Nijjar killing row: ‘US provided more specific information than Canada’, says Indian envoy
Sanjay Kumar Verma, India's High Commissioner to Canada, said that the US has shared more specific information regarding the investigation into an alleged assassination attempt than Canada has. He stated that this is likely the reason for the difference in India's level of cooperation in both cases.
Sanjay Kumar Verma, India's High Commissioner to Canada, stated that the Indian government is collaborating with an American inquiry related to an alleged foiled assassination attempt, rather than Canada's investigation into the June killing of Khalistani terrorist Hardeep Singh Nijjar in Surrey, British Columbia due disparities in the information shared between the two nations during their respective investigations.
A recent report by the UK-based Financial Times reported that the United States prevented an alleged plan to assassinate Gurpatwant Singh Pannun, a terrorist designated by India, on American soil. Citing sources familiar with the matter, the Financial Times indicated that the US had communicated its concerns about the purported plot to kill Pannun to Indian authorities.
Earlier in September, Canadian Prime Minister Justin Trudeau made allegations regarding India's involvement in Nijjar's killing. India has rejected the allegations and called them “absurd" and politically motivated."
Verma said India was "absolutely" and "decidedly" not involved in the homicide, terming it a “motivated and absurd allegation." The allegations caused diplomatic tensions between the two nations.
“One is that the investigation in the case of the US, as far as I know and understand, because again, I don't oversee India-US relations is at a much advanced stage. And therefore, I presume that there would be better information shared within India," he told CTV News.
The Indian envoy clarified that relations between India and the US are not within his jurisdiction. Nevertheless, he indicated his understanding that Indian authorities are actively collaborating in the American investigation, having been provided with “inputs which are legally presentable."
Discussing Canada's information regarding Nijjar's killing, he mentioned that Indian authorities cannot provide a response on the matter due to the possibility that discussions might include specific details of the case.
Moreover, he emphasized that allegations and facts alone do not make the information specific and pertinent.
Asked whether Canada's national security advisor shared inputs related to allegations related to Nijjar's killing, he said, “Until the time it is not specific or relevant to the case, we will not be able to respond to it. There could be a lot of conversation. Conversations could have allegations, conversations could have some facts of the case, but allegations and facts do not make it specific and relevant."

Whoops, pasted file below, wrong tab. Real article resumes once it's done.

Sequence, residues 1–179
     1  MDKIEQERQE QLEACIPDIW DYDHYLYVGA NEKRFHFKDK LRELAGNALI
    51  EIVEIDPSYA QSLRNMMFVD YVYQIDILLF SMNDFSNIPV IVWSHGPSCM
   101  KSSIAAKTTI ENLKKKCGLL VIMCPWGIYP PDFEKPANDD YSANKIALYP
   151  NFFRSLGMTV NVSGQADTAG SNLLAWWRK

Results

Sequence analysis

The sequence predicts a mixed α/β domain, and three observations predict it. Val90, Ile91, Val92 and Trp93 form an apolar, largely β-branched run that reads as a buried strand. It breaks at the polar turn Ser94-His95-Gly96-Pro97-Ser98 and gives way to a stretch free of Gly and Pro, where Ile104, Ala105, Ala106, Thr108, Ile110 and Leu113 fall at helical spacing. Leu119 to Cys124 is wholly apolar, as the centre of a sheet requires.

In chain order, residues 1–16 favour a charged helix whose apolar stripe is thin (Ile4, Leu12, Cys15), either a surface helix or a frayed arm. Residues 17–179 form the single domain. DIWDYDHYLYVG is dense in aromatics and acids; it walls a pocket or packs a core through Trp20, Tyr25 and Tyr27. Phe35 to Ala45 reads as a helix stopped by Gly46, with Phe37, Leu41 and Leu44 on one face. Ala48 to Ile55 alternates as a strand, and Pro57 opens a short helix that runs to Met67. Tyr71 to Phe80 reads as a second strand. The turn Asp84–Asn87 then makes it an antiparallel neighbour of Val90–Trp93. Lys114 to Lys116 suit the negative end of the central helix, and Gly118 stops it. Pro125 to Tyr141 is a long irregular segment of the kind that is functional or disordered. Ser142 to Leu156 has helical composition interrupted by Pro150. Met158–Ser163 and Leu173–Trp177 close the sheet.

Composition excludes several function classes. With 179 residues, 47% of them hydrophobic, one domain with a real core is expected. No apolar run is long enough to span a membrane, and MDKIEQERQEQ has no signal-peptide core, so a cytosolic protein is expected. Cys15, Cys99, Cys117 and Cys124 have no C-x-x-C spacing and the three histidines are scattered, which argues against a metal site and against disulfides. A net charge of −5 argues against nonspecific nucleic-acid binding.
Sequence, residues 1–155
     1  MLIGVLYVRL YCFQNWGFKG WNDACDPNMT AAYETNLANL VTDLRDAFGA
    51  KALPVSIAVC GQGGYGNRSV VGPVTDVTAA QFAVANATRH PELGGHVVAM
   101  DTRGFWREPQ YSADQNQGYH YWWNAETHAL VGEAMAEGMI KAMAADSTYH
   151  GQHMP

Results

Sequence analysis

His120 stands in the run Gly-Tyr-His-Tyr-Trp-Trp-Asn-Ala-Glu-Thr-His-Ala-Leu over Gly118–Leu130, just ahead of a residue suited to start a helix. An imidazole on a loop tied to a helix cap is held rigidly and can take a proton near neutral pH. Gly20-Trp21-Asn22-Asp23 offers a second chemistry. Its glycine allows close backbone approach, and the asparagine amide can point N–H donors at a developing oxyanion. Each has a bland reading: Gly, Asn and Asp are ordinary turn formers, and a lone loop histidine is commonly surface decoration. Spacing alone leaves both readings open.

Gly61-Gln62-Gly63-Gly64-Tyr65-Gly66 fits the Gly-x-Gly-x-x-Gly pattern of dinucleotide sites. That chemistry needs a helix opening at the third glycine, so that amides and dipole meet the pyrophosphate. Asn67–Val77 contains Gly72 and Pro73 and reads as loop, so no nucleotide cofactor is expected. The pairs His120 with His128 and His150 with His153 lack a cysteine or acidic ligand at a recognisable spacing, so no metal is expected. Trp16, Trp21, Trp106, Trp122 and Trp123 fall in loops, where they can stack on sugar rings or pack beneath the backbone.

“So we need to have those facts. And we are always ready to do that. If you look at the most recent incident to where there are some allegations put out in one of the newspapers against India, the US did provide us inputs. And we have already started following up on that," he told CTV News.
Verma stressed that conversations between India and Canada did take place during Canada's National Security Adviser's visit to India. However, he added that India needed specific information to seek permission from legal authorities to conduct an investigation.
Asked whether Canada's National Security Advisor did not share any specific allegation, Sanjay Kumar Verma said, “So conversations took place. But we needed something specific and relevant to go back to our legal authorities to seek permission to do investigation that we would have wanted to do. So until the time that those kinds of inputs are not there, in a country of rule of law, it will not be possible for us to move forward on the investigations."
Revealing details regarding the inputs shared by US with India, Verma said that these inputs are regarding a nexus between gangsters, drug peddlers, terrorists and gun runners in the US and there are beliefs that there are some Indian connections with it, which he stressed were not government of India connections, CTV News reported.
“Those inputs are a nexus between gangsters, drug peddlers, terrorists, and gun runners in the US, and there is a belief that some of the Indian connections -- now when I say Indian connections, I don't mean the government of India connections, there is 1.4 billion people, so some of the Indian connections are there -- they are ready to investigate. Because we have got inputs, which are legally presentable," Verma told CTV News.
On November 22, the Ministry of External Affairs announced that the US had provided information concerning the connection between organized criminals, arms traffickers, terrorists, and others during recent talks on India-US security cooperation.
In response to media inquiries about discussions on security matters between India and the US, the MEA emphasized the seriousness with which India considers such inputs, as they impact its own security interests. The spokesperson noted that the shared information is a matter of concern for both countries, and appropriate follow-up measures are being implemented.
(With inputs from ANI)
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